How common is amblyopia?
About 1 in 25 children develop some degree of amblyopia. Amblyopia is the most common condition treated by paediatric (children’s) ophthalmologists (eye surgeons) and orthoptists (non-doctor professionals who treat eye movement and vision problems).
How is amblyopia diagnosed and assessed?
Amblyopia can be diagnosed by examining the eyes and testing vision. Different techniques are used to test vision, depending on the age of the child. Children with a known squint are monitored carefully to see if amblyopia develops.
Children in the UK are usually offered a routine preschool or school-entry vision check. One of the main reasons for this is to detect amblyopia whilst it is still treatable. However, even if your child has had an eye check in the past, tell your doctor if you suspect that vision in one or both eyes has become poor.
A baby or child with a suspected amblyopia is usually referred to an orthoptist. Orthoptists are specially trained to assess and manage children with squint and amblyopia. If necessary, an orthoptist will refer a child to an ophthalmologist for further assessment and treatment.
Why is amblyopia important?
If you have permanent amblyopia you do not see properly out of one eye. The severity of visual impairment can vary. Although you can see well enough out of one eye to get by, it is always best to have two fully functioning eyes.
Even with mild amblyopia you may not have a good sense of depth when looking at objects (you cannot see properly in three dimensions). You cannot do some jobs if you have good vision in only one eye. If you only have good vision in one eye, you risk severe sight problems if you have an injury or disease of the good eye later in life. So, treatment is usually always advised if it is likely to restore vision.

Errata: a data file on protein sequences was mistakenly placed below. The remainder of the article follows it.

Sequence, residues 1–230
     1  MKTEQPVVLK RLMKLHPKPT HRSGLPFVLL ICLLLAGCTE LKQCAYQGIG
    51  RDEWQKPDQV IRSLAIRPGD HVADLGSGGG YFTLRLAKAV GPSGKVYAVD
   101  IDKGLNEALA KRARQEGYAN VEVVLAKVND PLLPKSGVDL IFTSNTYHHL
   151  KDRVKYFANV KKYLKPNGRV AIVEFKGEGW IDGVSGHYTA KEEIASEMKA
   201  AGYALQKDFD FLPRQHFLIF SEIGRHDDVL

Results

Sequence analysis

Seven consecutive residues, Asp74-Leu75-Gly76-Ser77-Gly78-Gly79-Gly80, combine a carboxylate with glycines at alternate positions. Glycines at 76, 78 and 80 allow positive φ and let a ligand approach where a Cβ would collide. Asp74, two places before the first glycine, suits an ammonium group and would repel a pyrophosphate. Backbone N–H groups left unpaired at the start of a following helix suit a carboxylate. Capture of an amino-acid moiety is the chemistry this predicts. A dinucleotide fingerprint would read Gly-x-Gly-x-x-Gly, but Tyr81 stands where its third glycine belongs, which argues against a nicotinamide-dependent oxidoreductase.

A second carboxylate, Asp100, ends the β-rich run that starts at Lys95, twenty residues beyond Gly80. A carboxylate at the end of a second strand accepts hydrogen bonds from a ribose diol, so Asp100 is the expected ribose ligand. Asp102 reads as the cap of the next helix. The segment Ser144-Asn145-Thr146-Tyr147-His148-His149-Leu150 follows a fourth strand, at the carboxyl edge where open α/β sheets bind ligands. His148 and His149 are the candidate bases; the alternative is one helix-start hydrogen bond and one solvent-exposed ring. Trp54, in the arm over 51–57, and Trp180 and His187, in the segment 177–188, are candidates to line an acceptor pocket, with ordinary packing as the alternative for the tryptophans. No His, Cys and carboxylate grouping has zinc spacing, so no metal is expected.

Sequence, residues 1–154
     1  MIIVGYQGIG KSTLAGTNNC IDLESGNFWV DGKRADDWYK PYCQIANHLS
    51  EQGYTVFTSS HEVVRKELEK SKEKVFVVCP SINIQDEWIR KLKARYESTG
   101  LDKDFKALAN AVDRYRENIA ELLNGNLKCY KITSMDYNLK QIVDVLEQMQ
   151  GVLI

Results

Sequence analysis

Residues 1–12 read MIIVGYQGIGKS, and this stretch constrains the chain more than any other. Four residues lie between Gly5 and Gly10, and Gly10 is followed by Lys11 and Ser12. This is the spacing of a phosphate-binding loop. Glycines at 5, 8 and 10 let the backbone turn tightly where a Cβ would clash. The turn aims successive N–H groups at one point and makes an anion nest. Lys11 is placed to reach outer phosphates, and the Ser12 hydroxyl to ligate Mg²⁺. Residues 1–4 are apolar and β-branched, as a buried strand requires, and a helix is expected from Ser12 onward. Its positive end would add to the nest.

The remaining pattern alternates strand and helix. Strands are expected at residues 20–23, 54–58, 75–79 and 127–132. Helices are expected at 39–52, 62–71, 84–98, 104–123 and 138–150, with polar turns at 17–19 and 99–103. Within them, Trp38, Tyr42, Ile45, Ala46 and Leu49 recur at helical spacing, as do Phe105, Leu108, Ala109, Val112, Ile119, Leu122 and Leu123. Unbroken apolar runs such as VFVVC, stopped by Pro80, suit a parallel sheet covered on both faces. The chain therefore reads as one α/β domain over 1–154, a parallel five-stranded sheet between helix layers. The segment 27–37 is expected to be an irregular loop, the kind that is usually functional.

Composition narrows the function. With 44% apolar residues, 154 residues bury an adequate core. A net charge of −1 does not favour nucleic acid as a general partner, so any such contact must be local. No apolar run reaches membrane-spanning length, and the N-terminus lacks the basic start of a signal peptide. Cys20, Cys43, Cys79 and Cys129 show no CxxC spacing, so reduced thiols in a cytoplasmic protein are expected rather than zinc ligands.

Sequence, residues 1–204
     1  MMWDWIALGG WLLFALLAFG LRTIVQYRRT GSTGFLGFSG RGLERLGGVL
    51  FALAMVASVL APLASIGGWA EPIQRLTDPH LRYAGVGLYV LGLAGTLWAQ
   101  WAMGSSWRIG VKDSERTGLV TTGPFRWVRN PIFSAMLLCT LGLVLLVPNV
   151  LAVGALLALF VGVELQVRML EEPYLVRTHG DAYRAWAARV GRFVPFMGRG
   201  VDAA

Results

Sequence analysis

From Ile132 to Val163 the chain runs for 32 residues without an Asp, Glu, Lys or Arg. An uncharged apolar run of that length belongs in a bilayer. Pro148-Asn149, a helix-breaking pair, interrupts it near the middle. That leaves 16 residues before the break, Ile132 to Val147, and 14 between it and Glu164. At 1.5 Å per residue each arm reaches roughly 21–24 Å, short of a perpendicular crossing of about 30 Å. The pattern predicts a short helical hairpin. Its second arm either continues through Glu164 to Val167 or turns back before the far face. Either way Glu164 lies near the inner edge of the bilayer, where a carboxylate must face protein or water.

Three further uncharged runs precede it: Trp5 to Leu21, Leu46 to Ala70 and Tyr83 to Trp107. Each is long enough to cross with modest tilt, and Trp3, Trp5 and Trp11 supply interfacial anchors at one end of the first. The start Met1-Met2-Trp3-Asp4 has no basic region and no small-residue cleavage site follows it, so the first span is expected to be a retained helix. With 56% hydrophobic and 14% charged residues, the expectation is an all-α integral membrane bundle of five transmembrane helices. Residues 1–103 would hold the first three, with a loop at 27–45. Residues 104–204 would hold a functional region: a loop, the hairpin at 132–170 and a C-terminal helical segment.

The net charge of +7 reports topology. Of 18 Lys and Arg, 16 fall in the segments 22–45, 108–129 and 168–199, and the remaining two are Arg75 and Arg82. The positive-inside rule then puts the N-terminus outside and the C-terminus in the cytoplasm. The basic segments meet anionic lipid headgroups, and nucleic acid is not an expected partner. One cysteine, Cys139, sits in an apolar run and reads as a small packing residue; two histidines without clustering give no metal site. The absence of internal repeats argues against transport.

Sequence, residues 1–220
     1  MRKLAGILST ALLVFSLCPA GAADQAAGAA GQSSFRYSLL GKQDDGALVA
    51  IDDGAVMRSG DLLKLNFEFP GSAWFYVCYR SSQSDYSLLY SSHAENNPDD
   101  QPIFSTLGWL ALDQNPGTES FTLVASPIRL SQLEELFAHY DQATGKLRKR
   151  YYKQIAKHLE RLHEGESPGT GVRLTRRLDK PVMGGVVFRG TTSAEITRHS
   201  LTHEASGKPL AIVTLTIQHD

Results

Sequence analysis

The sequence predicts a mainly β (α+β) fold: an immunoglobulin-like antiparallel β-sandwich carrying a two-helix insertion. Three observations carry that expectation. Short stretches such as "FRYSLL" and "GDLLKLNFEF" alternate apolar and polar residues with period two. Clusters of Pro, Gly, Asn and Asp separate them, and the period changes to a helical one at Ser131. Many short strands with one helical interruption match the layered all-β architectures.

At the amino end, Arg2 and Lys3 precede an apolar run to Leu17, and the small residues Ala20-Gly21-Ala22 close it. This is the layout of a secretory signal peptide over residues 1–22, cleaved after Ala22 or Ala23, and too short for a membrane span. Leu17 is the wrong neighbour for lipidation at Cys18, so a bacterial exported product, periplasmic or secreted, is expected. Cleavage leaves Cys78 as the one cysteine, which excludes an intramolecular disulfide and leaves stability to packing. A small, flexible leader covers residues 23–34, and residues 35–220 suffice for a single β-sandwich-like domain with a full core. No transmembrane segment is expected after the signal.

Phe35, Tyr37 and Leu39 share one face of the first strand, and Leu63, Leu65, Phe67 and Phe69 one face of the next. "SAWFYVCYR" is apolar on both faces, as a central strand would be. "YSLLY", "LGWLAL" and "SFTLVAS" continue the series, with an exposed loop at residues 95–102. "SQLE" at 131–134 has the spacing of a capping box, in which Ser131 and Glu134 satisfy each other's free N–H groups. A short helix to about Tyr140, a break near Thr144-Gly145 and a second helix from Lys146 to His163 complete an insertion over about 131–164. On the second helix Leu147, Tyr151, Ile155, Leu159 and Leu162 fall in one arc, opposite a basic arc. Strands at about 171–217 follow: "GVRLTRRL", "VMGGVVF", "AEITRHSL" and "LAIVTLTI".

What are the treatments for amblyopia?
- Correcting any underlying eye disorder, such as strabismus (squint), or correcting refractive errors (for example, long or short sight).
- ‘Training’ the amblyopic eye to work properly, so that vision can develop correctly.
Correcting the underlying eye disorders
Refractive errors such as short or long sight can be corrected with glasses. Cataracts can be treated with an operation. Improvement in eyesight after being fitted with glasses for a refractive error can take 4 -6 months.
Making the the affected eye work
The main treatment for amblyopia is to restrict the use of the good eye. This then forces the affected eye to work. If this is done early enough in childhood, the vision will usually improve, often up to a normal level. In effect, the visual development of the affected eye catches up.
The most common treatment for amblyopia is eye patching. This is where the good eye is covered with an eye patch, forcing the amblyopic (lazy) eye to see. Eye patches are soft, with sticky edges that fix them to the skin surrounding the eyelids. Eye patching is also called occlusion.
The length of treatment with an eye patch is dependent on the age of the child and the severity of the amblyopia. Treatment is continued until either the vision is normal, or until no further improvement is found. Usually you would be followed up every three months. If the vision is normal or stable for six months, use of the eye patch may be tailed off. If your child has had cataracts, full-time eye patching may be advised until the age of seven years. Short breaks would be built into this time, to prevent the good, patched eye from becoming amblyopic due to disuse. It may take from several weeks to several months for eye patching to be successful. On average, patches may be worn for between 2 and 6 hours per day.
Your child will be followed up, usually until about eight years of age. This is to make sure that the treated eye is still being used properly, and does not become amblyopic again. Sometimes, further patch treatment (maintenance treatment) is needed before the vision pathways in the brain are fixed and cannot be changed.